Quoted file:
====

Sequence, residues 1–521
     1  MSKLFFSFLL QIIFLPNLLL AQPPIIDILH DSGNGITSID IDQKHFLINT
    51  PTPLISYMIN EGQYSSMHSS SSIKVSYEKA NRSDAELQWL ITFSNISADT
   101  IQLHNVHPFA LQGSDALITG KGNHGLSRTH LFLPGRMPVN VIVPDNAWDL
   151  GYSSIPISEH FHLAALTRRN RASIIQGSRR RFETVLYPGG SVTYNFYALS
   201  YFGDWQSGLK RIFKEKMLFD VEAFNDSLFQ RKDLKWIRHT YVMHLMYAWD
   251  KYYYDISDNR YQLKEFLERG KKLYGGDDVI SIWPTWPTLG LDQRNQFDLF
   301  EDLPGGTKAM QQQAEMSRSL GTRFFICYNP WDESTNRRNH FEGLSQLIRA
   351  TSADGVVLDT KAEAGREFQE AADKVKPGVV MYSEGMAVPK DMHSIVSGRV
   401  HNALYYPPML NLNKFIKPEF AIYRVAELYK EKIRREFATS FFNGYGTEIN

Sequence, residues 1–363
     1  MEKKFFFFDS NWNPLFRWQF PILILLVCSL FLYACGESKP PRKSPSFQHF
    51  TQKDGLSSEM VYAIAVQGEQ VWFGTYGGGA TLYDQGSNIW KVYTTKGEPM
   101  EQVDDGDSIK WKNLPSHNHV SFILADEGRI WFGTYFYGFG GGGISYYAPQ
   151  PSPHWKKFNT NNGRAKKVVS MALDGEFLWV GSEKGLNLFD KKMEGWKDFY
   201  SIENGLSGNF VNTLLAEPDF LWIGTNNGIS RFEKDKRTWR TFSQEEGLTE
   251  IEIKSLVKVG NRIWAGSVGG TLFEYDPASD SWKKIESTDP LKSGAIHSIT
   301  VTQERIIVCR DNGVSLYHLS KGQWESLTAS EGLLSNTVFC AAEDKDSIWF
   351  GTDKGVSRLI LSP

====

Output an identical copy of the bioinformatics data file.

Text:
Sequence, residues 1–521
     1  MSKLFFSFLL QIIFLPNLLL AQPPIIDILH DSGNGITSID IDQKHFLINT
    51  PTPLISYMIN EGQYSSMHSS SSIKVSYEKA NRSDAELQWL ITFSNISADT
   101  IQLHNVHPFA LQGSDALITG KGNHGLSRTH LFLPGRMPVN VIVPDNAWDL
   151  GYSSIPISEH FHLAALTRRN RASIIQGSRR RFETVLYPGG SVTYNFYALS
   201  YFGDWQSGLK RIFKEKMLFD VEAFNDSLFQ RKDLKWIRHT YVMHLMYAWD
   251  KYYYDISDNR YQLKEFLERG KKLYGGDDVI SIWPTWPTLG LDQRNQFDLF
   301  EDLPGGTKAM QQQAEMSRSL GTRFFICYNP WDESTNRRNH FEGLSQLIRA
   351  TSADGVVLDT KAEAGREFQE AADKVKPGVV MYSEGMAVPK DMHSIVSGRV
   401  HNALYYPPML NLNKFIKPEF AIYRVAELYK EKIRREFATS FFNGYGTEIN

Sequence, residues 1–363
     1  MEKKFFFFDS NWNPLFRWQF PILILLVCSL FLYACGESKP PRKSPSFQHF
    51  TQKDGLSSEM VYAIAVQGEQ VWFGTYGGGA TLYDQGSNIW KVYTTKGEPM
   101  EQVDDGDSIK WKNLPSHNHV SFILADEGRI WFGTYFYGFG GGGISYYAPQ
   151  PSPHWKKFNT NNGRAKKVVS MALDGEFLWV GSEKGLNLFD KKMEGWKDFY
   201  SIENGLSGNF VNTLLAEPDF LWIGTNNGIS RFEKDKRTWR TFSQEEGLTE
   251  IEIKSLVKVG NRIWAGSVGG TLFEYDPASD SWKKIESTDP LKSGAIHSIT
   301  VTQERIIVCR DNGVSLYHLS KGQWESLTAS EGLLSNTVFC AAEDKDSIWF
   351  GTDKGVSRLI LSP